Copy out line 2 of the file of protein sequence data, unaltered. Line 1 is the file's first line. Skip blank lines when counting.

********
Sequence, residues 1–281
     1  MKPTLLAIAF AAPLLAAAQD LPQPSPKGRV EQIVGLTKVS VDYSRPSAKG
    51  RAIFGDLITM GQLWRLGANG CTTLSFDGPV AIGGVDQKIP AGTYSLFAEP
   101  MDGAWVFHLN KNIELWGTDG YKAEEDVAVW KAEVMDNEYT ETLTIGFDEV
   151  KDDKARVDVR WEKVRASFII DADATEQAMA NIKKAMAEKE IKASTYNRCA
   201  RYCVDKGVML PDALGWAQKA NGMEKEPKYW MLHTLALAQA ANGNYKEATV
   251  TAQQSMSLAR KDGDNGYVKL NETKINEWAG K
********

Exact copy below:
     1  MKPTLLAIAF AAPLLAAAQD LPQPSPKGRV EQIVGLTKVS VDYSRPSAKG